The stock market should be governed by the free market mechanism of supply and demand. As such, the central bank's move certainly carries the potential to disturb the stability of the market, Rauniyar states.
Rauniyar views the central bank's move as a conservative action that baffled investors and all parties involved in the capital market. Rauniyar opines that the central bank should have consulted with the front-liners of the capital market, the regulatory board SEBON, and investor forums.
Rauniyar also stated that all investors' forums are planning to come together to discuss the topic and issue a joint response to the central bank's surprising move.
Hari Dhakal, Laganikarta Share Dabab Samuha
Hari Dhakal supports the central bank's move to encourage long-term investment from institutional investors in the capital market. However, what concerns him is how mysterious and surprising the central bank was on the matter. More alarmingly, the regulatory board itself was left in the shadow, and even the Finance Ministry had no early heads-up on the decision.
This has certainly made an impact on market psychology, Dhakal states. Not to mention, specifically targeting a particular sector does not fall under the policy of a free market. Furthermore, such an impactful decision was to be introduced in the review of the monetary policy, or the central bank's monthly summary of economic performance. However, the decision came as a surprising move, and it has the potential to disturb market stability.
Dhakal has strongly presented the matter to the Finance Ministry this morning, and he is confident that this decision will be nullified before the market opens tomorrow.
Radha Pokharel, Chairman, Nepal Punjibazar Laganikarta Sangh
Even if we ignore the violation of the free market mechanism, this decision by the central bank came at the wrong time and is too late to be of any positive impact, Pokharel says. Pokharel and other prominent investment community leaders had been repeatedly warning the authorities about the matter from a long time ago. However, the decision came at a time when the index has already seen a lot of bullish momentum and investors are heavily invested. For investors in the microfinance sector, this is a betrayal move by the central bank itself.
Furthermore, what concerns Pokharel is NRB's instruction for banks to empty their microfinance holding by Poush of this year. This gives little time for a safe landing, Pokharel states, and this can prove fatal to the stable health of the capital market. According to Radha Pokharel, the central bank should at least have given 2 years for banks to empty their microfinance holdings.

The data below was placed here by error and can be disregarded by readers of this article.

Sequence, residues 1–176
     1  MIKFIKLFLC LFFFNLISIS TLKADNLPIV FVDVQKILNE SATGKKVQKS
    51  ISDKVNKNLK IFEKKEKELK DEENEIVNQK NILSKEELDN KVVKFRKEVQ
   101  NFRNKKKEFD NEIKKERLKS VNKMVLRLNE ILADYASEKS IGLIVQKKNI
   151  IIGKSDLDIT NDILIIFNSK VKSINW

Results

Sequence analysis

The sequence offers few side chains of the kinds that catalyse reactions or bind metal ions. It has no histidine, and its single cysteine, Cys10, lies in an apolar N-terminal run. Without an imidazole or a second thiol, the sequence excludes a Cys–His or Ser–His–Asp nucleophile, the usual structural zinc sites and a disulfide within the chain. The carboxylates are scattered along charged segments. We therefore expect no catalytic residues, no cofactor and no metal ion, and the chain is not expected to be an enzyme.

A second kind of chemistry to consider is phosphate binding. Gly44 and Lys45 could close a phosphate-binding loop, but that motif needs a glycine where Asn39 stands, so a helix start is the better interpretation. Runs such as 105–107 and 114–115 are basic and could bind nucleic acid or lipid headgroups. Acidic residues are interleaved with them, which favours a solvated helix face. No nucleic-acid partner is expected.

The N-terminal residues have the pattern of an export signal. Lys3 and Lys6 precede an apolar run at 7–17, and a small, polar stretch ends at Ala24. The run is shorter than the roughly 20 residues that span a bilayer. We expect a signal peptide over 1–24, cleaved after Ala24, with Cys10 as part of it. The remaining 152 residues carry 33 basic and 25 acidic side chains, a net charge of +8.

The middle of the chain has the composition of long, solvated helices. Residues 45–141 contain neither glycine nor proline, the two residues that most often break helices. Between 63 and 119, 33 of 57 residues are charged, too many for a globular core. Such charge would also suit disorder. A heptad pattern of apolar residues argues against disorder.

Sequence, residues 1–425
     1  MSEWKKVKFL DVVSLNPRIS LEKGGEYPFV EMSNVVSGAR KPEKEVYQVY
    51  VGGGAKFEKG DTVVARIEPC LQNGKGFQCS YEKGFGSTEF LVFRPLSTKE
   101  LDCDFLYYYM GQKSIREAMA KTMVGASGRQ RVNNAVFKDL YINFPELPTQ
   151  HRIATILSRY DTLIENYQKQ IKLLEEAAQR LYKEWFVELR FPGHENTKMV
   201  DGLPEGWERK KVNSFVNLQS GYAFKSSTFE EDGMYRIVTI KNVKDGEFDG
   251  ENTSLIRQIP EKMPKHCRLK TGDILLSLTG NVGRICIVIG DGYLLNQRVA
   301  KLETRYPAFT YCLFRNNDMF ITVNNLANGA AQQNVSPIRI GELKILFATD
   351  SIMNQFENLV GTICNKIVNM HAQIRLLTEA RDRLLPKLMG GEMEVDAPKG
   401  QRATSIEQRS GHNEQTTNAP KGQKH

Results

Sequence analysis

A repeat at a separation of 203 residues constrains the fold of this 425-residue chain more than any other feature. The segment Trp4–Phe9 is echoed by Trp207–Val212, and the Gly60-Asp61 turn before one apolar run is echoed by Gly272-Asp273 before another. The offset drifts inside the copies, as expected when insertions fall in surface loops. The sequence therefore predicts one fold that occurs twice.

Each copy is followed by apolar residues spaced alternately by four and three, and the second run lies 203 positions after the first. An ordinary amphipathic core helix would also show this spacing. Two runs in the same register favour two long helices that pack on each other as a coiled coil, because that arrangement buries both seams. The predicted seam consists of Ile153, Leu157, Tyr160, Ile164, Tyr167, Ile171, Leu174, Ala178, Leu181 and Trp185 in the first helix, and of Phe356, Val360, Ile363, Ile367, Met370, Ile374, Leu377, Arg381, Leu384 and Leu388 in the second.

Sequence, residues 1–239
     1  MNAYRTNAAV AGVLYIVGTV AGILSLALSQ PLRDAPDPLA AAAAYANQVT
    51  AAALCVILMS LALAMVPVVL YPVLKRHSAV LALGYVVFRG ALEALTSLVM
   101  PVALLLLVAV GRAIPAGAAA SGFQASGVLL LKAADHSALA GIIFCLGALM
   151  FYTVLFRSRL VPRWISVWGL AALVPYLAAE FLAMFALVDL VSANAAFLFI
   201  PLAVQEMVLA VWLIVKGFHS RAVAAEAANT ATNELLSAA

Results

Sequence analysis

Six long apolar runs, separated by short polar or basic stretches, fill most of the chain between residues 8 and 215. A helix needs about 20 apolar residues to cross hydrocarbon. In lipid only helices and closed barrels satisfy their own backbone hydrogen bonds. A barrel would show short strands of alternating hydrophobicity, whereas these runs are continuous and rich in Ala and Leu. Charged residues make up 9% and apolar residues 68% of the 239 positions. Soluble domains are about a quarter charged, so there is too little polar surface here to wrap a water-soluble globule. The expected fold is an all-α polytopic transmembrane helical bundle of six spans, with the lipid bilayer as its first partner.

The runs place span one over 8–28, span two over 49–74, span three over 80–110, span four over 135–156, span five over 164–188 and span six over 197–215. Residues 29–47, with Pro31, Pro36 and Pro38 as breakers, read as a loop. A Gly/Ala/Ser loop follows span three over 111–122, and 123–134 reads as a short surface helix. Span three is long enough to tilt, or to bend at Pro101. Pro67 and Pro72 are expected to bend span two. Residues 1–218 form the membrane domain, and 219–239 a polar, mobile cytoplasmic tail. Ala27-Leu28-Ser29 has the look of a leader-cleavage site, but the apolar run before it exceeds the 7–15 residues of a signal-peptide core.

Dipak Dahal, Prominent investor
Dipak Dahal says that the short-term reaction of the market depends on the personal speculation of all parties involved since the capital market is a massive body with numerous small parts, i.e. investors.
On the flip side, Dahal thinks that the central bank's move is justified, and directing banks to invest for the long-term will force them to select fundamentally sound companies. They will also avoid picking up weak stocks with the intent to profit from the short-term fluctuation in the market trend. When asked whether the instruction to unload the shares is too short a time horizon, Dahal stated that 7 months is a long enough timeframe in the capital market.
Nonetheless, Dahal does not deny the argument that the market may react in the short term. Dahal thinks that is possible.
Samarkshyana (Samrachana) Chaudhary, Chairman, Nepal Punjibazar Sangh
Samarkshyana Chaudhary is fairly positive about the central bank's decision. During financial crises and market collapses, retail investors are the ones who are always trapped. Meanwhile, institutional investors and the big players always get an escape way out. Thus, Chaudhary is at peace with the central bank's regulatory move. While the decision might shake the market in the short term, Chaudhary is also of the opinion that this move will improve the overall health of the securities market.
Apart from forcing financial institutions to only select fundamentally good companies, Chaudhary opines that this will prevent manipulation in the microfinance sector since their limited paid-up capital and size make them prone to manipulation.